The Vedas are considered the earliest literary record of Indo-Aryan civilization and the most sacred books of India. They are the original scriptures of Hindu teachings, containing spiritual knowledge encompassing all aspects of life. The philosophical maxims of Vedic literature have stood the test of time, and the Vedas form the highest religious authority for all aspects of Hinduism and are a respected source of wisdom for mankind in general.
The word Veda means wisdom, knowledge or vision, and it serves to manifest the language of the gods in human speech. The laws of the Vedas have regulated the social, legal, domestic and religious customs of Hindus up to the present day. All the obligatory duties of Hindus at birth, marriage, death etc. are guided by Vedic rituals.
Origin of the Vedas
It is difficult to say when the earliest portions of the Vedas came into existence, but it seems clear they are among the very earliest written wisdom documents produced humans. As the ancient Hindus seldom kept any historical record of their religious, literary and political realization, it is difficult to determine the period of the Vedas with precision. Historians provide us many guesses but none are guaranteed to be precise. It is thought, though, that the earliest Vegas may date back to roughly 1700 BCE—the late Bronze Age.
Who Wrote the Vedas?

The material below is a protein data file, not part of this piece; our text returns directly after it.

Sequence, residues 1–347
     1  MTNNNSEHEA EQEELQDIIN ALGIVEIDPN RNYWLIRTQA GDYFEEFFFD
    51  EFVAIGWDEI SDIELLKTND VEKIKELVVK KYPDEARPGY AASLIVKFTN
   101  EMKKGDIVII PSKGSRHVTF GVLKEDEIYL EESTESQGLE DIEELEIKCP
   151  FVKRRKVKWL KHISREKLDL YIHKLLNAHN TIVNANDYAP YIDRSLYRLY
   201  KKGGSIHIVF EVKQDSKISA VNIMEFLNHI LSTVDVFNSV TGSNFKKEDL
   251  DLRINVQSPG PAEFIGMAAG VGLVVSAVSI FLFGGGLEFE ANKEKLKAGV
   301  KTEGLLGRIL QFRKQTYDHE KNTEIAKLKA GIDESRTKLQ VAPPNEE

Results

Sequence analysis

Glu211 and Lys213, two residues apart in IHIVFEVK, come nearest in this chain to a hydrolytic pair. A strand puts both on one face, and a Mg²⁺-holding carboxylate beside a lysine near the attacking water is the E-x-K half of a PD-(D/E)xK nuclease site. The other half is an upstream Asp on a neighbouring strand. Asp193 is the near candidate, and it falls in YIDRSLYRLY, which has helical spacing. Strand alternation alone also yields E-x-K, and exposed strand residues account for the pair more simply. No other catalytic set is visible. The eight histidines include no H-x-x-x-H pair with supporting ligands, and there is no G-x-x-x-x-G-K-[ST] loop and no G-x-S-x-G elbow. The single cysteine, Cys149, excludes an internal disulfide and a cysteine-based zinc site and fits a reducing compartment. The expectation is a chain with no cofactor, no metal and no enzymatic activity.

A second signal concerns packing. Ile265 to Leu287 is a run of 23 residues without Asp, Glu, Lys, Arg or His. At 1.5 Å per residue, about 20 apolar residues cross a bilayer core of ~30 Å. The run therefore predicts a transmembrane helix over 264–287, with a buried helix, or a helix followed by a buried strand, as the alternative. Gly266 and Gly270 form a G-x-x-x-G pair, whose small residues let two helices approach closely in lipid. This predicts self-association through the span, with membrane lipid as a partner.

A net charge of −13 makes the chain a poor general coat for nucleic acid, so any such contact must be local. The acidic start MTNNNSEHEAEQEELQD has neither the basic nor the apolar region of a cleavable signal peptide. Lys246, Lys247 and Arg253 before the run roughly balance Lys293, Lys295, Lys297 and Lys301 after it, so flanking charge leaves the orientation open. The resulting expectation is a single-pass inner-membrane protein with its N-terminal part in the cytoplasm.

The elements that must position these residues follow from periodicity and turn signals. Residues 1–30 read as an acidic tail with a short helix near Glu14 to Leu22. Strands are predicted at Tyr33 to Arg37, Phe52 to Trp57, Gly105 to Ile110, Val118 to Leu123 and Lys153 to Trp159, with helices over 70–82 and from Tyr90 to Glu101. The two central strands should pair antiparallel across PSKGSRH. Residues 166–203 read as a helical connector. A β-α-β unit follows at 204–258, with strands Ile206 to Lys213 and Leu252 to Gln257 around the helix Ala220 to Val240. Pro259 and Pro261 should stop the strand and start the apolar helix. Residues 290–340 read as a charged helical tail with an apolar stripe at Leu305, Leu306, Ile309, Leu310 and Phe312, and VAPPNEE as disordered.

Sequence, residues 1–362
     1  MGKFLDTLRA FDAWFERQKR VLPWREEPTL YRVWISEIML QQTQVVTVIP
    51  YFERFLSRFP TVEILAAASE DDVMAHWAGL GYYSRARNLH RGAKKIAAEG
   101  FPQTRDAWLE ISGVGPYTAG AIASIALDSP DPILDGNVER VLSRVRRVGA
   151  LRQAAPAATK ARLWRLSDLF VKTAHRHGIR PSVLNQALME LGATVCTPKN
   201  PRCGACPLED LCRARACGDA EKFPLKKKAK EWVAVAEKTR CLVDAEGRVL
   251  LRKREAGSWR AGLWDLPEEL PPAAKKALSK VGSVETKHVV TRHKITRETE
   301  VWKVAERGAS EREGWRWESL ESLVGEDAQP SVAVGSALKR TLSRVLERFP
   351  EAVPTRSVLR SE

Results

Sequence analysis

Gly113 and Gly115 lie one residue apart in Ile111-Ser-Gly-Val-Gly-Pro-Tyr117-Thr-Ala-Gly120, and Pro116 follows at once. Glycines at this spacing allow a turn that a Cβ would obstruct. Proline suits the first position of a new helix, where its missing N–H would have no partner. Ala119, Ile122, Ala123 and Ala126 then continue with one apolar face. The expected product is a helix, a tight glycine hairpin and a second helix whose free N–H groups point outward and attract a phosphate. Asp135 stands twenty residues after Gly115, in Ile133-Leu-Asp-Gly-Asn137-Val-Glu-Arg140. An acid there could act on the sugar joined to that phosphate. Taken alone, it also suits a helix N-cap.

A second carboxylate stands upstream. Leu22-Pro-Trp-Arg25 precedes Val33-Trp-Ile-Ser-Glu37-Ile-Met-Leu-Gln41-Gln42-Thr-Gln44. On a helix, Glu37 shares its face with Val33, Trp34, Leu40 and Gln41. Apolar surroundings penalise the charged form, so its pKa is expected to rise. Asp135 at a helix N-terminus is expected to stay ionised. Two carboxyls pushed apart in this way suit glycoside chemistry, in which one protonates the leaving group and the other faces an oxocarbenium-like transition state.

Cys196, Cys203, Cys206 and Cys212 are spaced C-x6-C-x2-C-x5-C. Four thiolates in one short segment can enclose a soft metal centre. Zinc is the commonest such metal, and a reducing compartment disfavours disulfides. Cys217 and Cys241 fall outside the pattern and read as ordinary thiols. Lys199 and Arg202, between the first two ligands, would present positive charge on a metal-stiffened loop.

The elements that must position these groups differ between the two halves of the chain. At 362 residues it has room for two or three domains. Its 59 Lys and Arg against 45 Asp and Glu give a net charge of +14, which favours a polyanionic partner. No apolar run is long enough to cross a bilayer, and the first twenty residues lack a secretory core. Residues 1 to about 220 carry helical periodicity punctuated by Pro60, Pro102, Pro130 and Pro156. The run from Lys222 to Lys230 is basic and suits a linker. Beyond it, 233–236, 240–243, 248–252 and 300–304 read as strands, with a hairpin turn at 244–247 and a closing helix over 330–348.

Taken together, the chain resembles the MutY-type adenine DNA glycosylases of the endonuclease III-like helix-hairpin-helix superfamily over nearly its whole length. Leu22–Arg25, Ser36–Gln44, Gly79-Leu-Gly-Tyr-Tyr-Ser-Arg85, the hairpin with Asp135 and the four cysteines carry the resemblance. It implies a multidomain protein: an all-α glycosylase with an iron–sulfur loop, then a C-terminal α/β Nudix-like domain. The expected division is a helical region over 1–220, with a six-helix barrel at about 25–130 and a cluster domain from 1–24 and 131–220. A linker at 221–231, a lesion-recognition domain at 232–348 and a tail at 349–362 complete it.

Tradition has it that humans did not compose the revered compositions of the Vedas, but that God taught the Vedic hymns to the sages, who then handed them down through generations by word of mouth. Another tradition suggests that the hymns were “revealed,” to the sages, who were known as the seers or “mantradrasta” of the hymns. The formal documentation of Vedas was done mainly by Vyasa Krishna Dwaipayana around the time of Lord Krishna (c. 1500 BC)
Classification of the Vedas
The Vedas are classified into four volumes: the Rig-Veda, the Sama Veda, the Yajur Veda and the Atharva Veda, with the Rig Veda serving as the principal text. The four Vedas are collectively known as “Chathurveda, ” of which the first three Vedas–Rig Veda, Sama Veda, and Yajur Veda–agree with one another in form, language and content.
Structure of the Vedas
Each Veda consists of four parts–the Samhitas (hymns), the Brahmanas (rituals), the Aranyakas (theologies) and the Upanishads (philosophies). The collection of mantras or hymns is called the Samhita.
The Brahmanas are ritualistic texts that include precepts and religious duties. Each Veda has several Brahmanas attached to it.
The Aranyakas (forest texts) intend to serve as objects of meditation for ascetics who live in forests and deal with mysticism and symbolism.
The Upanishads form the concluding portions of the Veda and is therefore called the “Vedanta” or the end of the Veda. The Upanishads contain the essence of Vedic teachings.
The Mother of All Scriptures
Although the Vedas are seldom read or understood today, even by the devout, they no doubt form the bedrock of the universal religion or “Sanatana Dharma” that all Hindus follow. The Upanishads, however, are read by serious students of religious tradition and spirituality in all cultures and are regarded as principle texts within the body of mankind’s wisdom traditions.